Many countries may choose to extend commodity codes from the 6-digits (up to a 14-digit level) to allow for more targeted tariff policies. This is why you may see commodity codes of different lengths.
- The combined nomenclature (CN) used through the EU adds two extra digits to a commodity code to apply specific export measures.
- Any extra digits after this are the Integrated Tariff of the European Communities (TARIC) which adds a further two extra digits to a commodity code to apply specific import measures.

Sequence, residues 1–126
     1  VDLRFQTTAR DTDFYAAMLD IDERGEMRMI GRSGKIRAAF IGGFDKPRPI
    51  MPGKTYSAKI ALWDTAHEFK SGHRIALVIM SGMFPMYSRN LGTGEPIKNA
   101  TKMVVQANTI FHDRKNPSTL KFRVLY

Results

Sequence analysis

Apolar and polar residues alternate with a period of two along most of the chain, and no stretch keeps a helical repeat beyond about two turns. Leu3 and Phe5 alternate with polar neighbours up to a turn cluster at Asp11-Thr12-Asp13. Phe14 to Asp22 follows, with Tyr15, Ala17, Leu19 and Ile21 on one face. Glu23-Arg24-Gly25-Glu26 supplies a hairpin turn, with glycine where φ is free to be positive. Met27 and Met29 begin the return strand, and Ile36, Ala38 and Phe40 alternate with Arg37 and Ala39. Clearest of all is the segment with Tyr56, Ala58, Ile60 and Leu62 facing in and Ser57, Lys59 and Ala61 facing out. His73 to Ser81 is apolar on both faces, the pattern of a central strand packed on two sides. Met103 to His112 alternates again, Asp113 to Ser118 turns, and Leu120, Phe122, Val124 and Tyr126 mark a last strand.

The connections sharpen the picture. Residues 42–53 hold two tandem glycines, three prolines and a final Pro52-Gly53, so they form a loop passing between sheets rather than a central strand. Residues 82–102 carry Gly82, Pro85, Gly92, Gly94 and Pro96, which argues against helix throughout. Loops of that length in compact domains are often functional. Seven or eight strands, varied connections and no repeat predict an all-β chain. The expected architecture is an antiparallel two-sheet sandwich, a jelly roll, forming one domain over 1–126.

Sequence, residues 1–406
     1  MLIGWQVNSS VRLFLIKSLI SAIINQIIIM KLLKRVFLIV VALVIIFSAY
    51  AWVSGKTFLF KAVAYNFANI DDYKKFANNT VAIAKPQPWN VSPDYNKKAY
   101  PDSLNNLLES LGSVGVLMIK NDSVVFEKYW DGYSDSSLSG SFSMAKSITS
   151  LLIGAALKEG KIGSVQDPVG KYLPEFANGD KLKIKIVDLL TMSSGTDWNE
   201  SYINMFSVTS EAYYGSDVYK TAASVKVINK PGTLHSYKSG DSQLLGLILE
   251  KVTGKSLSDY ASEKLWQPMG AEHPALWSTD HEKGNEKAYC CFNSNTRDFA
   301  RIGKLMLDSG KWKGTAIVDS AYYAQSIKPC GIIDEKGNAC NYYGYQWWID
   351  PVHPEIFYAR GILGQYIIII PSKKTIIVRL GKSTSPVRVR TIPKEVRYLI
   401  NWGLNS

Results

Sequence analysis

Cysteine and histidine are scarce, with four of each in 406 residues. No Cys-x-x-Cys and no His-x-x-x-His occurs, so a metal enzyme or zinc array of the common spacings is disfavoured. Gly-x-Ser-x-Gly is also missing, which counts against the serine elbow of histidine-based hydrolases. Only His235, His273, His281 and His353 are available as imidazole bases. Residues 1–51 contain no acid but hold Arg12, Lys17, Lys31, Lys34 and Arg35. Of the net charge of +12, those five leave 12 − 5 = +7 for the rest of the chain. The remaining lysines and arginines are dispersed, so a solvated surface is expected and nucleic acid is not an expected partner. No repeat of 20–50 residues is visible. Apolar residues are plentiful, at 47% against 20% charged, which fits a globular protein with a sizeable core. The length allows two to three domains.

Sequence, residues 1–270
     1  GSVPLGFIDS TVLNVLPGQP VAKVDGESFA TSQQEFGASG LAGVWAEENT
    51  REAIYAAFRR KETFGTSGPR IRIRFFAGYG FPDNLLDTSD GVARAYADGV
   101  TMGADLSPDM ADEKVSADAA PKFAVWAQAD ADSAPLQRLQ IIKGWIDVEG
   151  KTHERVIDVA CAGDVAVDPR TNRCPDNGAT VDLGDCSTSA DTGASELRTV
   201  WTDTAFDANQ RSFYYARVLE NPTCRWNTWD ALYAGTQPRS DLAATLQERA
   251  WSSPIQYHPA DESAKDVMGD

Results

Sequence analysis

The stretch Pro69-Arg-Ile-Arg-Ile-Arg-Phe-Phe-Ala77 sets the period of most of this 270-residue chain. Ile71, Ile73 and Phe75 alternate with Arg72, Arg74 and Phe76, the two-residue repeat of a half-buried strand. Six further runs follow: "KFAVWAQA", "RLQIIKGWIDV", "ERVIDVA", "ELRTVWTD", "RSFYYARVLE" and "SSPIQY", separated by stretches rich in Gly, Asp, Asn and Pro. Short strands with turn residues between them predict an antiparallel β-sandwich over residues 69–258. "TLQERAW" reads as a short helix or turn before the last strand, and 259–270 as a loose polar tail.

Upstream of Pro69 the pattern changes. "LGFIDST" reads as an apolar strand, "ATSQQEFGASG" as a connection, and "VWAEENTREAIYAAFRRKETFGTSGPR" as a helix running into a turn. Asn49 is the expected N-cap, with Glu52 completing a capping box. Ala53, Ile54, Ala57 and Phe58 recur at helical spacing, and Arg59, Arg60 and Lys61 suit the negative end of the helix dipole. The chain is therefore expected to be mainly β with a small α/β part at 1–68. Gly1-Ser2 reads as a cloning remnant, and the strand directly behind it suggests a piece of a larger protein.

As a result, exports have an 8-digit commodity code and imports have a 10-digit commodity code.
In addition to the 10-digit commodity code for imports, some products may require a TARIC Additional Code. A TARIC Additional Code is an additional 4-digit code that will be declared on customs declarations. (If a TARIC Additional Code is not required, this field can be left blank.)
You can find out whether a TARIC Additional Code is required by searching for a commodity code in either the EU’s TARIC Database or the Northern Ireland Online Tariff.
Read our comprehensive guide to Commodity Codes article with lots more information, helpful videos and links to further support.